How to Fund Your Top 10 MBA
Written by Michelle Miller, Americas CEO – ARINGO Americas, Top 10 MBA Admissions Consulting
We all know that an MBA degree doesn’t come cheap. The primary expense of an MBA program is the tuition. However, there are many other costs that can increase the total amount a student pays. Living expenses, course materials and additional fee can be equivalent to up to another 50% of the tuition cost. Most business schools provide a breakdown of the expenses on their websites. This helps candidates consider the cost of completing a particular MBA program.
1. Pre-Matriculation Costs – Just applying to MBA programs can be costly. To start, taking the GMAT once will cost candidates $250 for each time they take the test. In addition, each business school typically charges an application processing fee, which range in price of up to $250. Obviously, many candidates take the GMAT several times and apply to 3-6 programs. This can bring us to around $2000 just for trying. If you hire a GMAT tutor and/or an admission consultant for help with your applications, you will need to add a few more thousand dollars to that calculation.
2. Tuition – Tuition at the top business programs has risen steadily for decades. Students can now expect to pay between $50,000 and $65,000 for a single year’s tuition at a top school. This is an average total price tag of $115,000 for tuition alone.
3. Living Costs – The cost of living also forms a substantial part of a student’s expenses while at business school. These costs typically cover housing, food, utilities and other personal expenses. They can vary widely by geographic region and number of family members.
4. Additional Expenses & Fees – Course materials, healthcare insurance, transportation costs and other mandatory university fees can add several thousand dollars to a student’s expenses each year.
To learn more about the total different costs of various top 10 MBA programs, feel free to use this online MBA cost calculator.
Now that we understand the costs we are dealing with, let’s see how we can cover them. If cost is one of your key considerations, the good news is that there’s a vast array of financing options to make it all possible. But before you dive into the details, step back to understand your options and set a strategy. This part of the process is uniquely tied to your profile and circumstances—your personal resources, nationality, chosen program and credit history are all factors that will impact your financing approach. Generally, financial support for top MBA programs comes in two forms: scholarships and loans. Most students fund their studies using a combination of personal or familial savings, income, loans and scholarships.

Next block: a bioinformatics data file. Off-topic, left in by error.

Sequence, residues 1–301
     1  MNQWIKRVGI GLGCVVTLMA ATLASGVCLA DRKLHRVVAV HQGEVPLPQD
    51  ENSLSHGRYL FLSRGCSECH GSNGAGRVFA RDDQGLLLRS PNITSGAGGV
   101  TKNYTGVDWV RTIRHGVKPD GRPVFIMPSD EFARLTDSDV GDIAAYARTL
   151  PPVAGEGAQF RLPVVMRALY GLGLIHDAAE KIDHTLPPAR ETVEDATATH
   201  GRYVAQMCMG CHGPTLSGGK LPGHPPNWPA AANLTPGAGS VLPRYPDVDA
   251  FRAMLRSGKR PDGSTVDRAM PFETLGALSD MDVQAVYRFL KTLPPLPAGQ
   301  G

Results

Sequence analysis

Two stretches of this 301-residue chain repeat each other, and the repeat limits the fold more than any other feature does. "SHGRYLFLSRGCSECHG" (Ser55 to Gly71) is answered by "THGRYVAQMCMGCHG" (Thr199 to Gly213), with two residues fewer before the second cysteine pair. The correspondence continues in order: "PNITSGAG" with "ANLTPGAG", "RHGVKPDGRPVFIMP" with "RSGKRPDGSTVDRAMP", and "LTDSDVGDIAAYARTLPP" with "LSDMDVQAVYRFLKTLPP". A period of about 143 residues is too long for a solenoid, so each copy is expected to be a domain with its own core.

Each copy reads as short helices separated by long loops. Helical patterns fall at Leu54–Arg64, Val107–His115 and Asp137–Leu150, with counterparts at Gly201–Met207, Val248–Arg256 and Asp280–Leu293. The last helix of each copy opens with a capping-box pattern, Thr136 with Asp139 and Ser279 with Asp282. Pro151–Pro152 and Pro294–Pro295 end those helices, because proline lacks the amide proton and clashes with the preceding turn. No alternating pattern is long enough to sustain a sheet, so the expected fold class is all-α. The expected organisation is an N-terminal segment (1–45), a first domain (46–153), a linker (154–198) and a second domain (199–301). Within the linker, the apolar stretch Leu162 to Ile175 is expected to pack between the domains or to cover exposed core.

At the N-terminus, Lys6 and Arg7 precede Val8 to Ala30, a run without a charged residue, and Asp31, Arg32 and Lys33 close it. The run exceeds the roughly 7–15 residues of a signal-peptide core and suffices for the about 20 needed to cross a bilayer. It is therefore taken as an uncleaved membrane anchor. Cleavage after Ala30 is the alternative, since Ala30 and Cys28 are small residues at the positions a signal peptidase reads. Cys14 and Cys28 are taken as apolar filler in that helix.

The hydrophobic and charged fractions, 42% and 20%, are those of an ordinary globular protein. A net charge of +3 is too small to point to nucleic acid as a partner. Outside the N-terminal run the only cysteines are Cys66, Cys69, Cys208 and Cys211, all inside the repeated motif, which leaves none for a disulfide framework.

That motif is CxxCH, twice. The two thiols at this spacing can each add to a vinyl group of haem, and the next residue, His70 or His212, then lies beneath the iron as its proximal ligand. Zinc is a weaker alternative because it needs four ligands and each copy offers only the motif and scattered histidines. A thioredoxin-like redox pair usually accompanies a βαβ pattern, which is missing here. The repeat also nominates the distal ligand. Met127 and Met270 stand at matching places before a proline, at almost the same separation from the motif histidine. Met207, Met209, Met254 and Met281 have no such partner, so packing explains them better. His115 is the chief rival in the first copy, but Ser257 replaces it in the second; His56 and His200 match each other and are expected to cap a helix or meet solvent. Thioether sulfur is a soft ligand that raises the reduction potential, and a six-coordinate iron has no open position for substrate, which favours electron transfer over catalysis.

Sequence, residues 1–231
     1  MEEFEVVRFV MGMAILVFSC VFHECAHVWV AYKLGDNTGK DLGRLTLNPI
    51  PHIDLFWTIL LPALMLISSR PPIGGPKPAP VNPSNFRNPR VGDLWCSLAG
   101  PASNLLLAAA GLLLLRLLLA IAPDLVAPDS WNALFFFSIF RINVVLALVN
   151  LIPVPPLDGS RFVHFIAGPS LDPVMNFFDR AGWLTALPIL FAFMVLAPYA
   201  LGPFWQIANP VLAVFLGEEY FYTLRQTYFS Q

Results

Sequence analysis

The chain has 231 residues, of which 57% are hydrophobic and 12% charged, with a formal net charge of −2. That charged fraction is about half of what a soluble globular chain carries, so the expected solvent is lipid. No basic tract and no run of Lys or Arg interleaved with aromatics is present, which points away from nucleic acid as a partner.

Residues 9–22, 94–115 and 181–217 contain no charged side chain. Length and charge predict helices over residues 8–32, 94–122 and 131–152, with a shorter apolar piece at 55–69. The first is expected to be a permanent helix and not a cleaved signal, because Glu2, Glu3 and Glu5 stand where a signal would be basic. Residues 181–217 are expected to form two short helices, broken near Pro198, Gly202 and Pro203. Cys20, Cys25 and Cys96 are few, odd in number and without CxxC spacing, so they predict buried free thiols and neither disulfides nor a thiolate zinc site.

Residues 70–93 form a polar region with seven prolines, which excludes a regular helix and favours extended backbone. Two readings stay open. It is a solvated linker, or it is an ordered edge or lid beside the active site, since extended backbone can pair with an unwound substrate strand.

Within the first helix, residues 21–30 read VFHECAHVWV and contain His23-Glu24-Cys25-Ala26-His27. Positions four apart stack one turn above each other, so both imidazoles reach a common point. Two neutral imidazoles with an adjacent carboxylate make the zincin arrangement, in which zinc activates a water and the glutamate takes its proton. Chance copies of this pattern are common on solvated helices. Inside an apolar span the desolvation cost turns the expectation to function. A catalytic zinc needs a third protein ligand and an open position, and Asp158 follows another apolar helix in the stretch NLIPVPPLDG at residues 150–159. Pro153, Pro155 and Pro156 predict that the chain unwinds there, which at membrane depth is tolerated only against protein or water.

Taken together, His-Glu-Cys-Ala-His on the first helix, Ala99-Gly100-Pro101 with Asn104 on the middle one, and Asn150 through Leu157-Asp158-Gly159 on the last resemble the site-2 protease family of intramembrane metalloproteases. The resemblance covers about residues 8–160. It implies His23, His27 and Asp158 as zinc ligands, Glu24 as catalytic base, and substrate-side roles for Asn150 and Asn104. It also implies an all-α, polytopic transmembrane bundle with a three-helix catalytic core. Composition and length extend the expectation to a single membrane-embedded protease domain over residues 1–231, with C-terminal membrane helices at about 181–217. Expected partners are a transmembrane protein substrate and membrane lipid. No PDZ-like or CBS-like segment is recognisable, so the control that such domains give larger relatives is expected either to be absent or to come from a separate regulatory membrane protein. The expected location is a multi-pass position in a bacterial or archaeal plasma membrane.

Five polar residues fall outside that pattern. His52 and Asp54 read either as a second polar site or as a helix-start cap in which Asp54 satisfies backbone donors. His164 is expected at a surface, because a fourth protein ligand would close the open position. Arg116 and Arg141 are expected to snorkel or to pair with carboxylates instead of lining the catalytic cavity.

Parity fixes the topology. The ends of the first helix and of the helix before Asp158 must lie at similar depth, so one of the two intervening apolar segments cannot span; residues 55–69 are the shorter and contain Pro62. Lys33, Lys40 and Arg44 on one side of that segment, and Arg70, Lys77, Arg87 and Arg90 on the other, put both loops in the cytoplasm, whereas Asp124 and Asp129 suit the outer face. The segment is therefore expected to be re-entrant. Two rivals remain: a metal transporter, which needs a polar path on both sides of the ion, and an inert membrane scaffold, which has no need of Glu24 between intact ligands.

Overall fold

Most schools – especially the bigger, more prestigious institutes – offer generous scholarships and convenient, affordable loans. In leading programs, the number of students receiving financial aid from the school itself often exceeds 50%. It is important to note that scholarships are not especially prevalent, and one is more likely to be granted one at a business school that is ranked between 20-50 in the U.S. and Europe.
Most programs offer student scholarships. Some 48 percent of two-year MBAs received a scholarship, of varying amounts. While scholarships can be highly competitive, they’re often tailored to specific profiles—from personal attributes to gender, industry or academic distinction and service. These fall under three categories: need-based scholarships, merit-based scholarships, and fellowships.
Need-based scholarships are dependent on the financial situation of the applicant. These are usually only granted to citizens of the state. These scholarships are relatively rare, but are still a viable option for students who struggle to finance their studies. The criteria for need-based scholarships differ at each institute, but they all take into account income, savings, assets, and sometimes, familial status and its implications. Certain leading schools, such as Harvard and Stanford, are notable exceptions to this trend in that all of the fellowships they offer are based on financial need.